SAT 25 OCT 6PM. BUY TICKETS
When Kay Kay, a powerful, ruthless businessman sets out on a mission of revenge against two men accused of killing his brother, he strong-arms the local sheriff into forming a posse of thugs to aid in his vendetta. But when Jet and Owen, the two easy going friends, learn of the gang out for their blood, they prepare to stand their ground and fight back. It all comes to a head in a final gun-fight, a showdown in the small western town where blood will have to be spilt if the friends wish to come out of this alive.
SAT 25 OCT 8PM. BUY TICKETS
The original feature film produced in 1975, based on the books by Topsy Smith that ultimately led to the renowned and well-loved television show, introduces Trompie as a freckle-faced eleven year old boy, and the Big Chief of the Boksom Gang.
Together with his mates Rooie, Blikkies and little Dawie, the young boys embark on a series of mischievous adventures that often land them in hot soup with the townsfolk of their hometown of Kwaggaberg.
Their cajoling with the Reverend’s pet baboon gets completely out of hand and Trompie’s innocent attempts at fixing his sister, Anna, up with a boyfriend goes terribly wrong.
Not only does Trompie and his gang of friends almost ruin the annual school concert, but their shenanigans leads to a bet that Trompie will be able to crash the show and appear on stage that evening. Throughout all these misadventures, Trompie befriends a playful mongrel who belongs to an old man about to leave the town. As the story comes to a close, Trompie will have to watch on as the mangy dog has to choose between staying with the impish young boy or leaving with it’s old master.
SUN 26 OCT 5PM. BUY TICKETS
Retro Afrika Bioscope will be featured in a new series for Film SA on SABC News DSTV Channel 404. Starting tonight at 5:30pm and repeating tomorrow at 12:30pm, the series will run for the next 6 weeks every Friday at 5:30pm. Each episode will highlight one of the team members behind the magic of the Retro Afrika label. Tune in! Tonight’s feature will be on Reginald Pillay.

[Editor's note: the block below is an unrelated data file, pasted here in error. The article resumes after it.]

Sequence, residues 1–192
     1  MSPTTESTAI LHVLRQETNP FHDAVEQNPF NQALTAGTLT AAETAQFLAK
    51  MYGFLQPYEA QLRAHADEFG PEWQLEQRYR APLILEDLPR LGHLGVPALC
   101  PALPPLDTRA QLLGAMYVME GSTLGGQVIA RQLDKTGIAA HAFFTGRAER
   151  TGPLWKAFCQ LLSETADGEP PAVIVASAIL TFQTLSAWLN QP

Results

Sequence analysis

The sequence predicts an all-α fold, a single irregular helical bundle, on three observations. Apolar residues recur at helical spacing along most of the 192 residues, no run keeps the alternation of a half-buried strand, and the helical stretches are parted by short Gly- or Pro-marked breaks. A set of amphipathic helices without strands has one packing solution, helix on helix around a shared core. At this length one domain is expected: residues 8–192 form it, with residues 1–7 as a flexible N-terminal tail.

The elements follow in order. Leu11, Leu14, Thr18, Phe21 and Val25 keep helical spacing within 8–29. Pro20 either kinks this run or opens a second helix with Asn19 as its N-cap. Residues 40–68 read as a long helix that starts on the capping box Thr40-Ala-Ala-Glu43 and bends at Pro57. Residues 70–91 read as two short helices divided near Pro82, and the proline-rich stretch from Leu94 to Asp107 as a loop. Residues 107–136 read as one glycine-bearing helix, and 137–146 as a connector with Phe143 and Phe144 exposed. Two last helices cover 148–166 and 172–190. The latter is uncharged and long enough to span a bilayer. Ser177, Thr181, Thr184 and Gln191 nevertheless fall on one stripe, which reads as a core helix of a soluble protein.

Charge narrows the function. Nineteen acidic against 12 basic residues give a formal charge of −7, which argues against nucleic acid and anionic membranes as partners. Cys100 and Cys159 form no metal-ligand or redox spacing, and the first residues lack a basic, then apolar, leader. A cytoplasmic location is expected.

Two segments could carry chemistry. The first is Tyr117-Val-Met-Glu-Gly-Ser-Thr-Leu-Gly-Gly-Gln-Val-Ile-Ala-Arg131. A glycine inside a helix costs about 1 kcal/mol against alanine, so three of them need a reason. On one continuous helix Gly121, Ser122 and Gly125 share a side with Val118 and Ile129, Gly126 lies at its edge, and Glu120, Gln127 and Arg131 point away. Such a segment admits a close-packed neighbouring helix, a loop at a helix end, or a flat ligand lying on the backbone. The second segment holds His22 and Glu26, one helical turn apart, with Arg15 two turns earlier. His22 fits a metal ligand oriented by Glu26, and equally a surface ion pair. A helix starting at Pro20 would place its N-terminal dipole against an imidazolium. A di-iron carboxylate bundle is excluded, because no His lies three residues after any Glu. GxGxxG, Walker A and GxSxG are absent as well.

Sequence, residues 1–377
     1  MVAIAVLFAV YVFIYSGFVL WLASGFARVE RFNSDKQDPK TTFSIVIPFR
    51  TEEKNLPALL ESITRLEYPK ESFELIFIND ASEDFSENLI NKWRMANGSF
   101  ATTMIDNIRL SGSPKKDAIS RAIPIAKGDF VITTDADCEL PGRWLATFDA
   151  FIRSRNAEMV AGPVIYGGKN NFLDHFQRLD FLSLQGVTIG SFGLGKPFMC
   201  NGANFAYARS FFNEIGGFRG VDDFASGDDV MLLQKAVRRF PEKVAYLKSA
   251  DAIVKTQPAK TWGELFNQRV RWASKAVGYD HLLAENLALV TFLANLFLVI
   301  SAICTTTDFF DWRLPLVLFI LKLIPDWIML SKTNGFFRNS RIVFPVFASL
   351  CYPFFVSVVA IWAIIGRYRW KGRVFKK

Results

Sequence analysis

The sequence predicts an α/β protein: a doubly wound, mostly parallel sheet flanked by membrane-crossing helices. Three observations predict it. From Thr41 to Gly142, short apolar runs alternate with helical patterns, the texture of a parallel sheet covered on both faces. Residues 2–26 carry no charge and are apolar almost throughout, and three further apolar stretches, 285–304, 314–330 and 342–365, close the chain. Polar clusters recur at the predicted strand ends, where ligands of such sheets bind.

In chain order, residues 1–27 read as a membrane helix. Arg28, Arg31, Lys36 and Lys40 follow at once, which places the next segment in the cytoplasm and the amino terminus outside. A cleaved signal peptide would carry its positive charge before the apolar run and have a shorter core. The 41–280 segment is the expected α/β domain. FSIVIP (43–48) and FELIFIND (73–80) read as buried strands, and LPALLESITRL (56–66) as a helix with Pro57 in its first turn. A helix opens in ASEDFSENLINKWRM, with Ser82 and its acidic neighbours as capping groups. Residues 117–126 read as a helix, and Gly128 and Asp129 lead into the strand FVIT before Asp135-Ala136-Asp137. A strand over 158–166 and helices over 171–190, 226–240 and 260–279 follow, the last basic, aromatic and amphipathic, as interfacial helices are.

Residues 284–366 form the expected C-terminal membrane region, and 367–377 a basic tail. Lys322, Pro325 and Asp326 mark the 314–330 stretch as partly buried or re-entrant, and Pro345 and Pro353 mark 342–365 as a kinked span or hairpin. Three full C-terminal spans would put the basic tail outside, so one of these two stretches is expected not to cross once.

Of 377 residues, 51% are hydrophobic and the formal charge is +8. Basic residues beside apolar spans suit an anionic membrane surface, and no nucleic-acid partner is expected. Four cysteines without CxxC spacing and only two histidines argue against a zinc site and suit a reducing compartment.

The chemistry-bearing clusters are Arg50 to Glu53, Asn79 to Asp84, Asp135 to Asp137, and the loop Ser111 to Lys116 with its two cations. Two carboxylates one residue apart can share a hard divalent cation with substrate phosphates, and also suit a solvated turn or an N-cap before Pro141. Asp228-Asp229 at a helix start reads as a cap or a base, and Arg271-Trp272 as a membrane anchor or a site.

Watch our coverage on CNBC Africa which also goes behind the scenes at Gravel Road Entertainment’s offices. See the magic of restoring these vintage classics for yourself!
Made in 1971, this action film directed by Louis de Wit and produced by Tonie vd Merwe was shot on 16mm in Johannesburg. Banned in South Africa by the government when it originally came out, it stars Ken Gampu, Abigail Kubeka, Jimmy Sabie and Joe Lopez.
In the criminal underworld of soccer, one man will have to save the championship!
When local soccer team The Eagles fall prey to a series of onslaughts from a mysterious gangster only a week before the championship final, the team turns to the one man that can help save their chances at victory – Joe Bullet (Ken Gampu).
Joe will have to battle against villainous henchmen, escape booby-trap bombs and bring his martial arts expertise to the fore in order to survive an attack from a deadly assassin.
In the end he will have to infiltrate the mysterious gangster’s hide-out in a dangerous cat-and-mouse rescue mission to save not only The Eagles’ two kidnapped star players, but that of his beautiful love interest, Beauty (Abigail Kubeka).
The odds will be stacked against him, but he’s the man that fights crime, the man that no one can tie down! Joe Bullet!
The Mayibuye Film Festival launches on SABC 1 in South Africa this weekend on Sunday! Running for 3 weeks from April 13-27, watch two never-before-seen South African films every Sunday night on SABC1. Films that were lost for 20 years have now been restored by Gravel Road Entertainment in Cape Town. Working out of the Waterfront Film Studios, we are digitally restoring these magical films from the 70’s & 80’s. In partnership with Wabona, one of Africa’s premiere video streaming services, the public will also be able to stream the films through Wabona’s online website (http://wabona.com/) or through their cellphones via applications such as Mxit, thanks to Cinemo (Wabona’s mobile service). The films will also be running on TV screens in mini bus taxis via “Commuter TV”.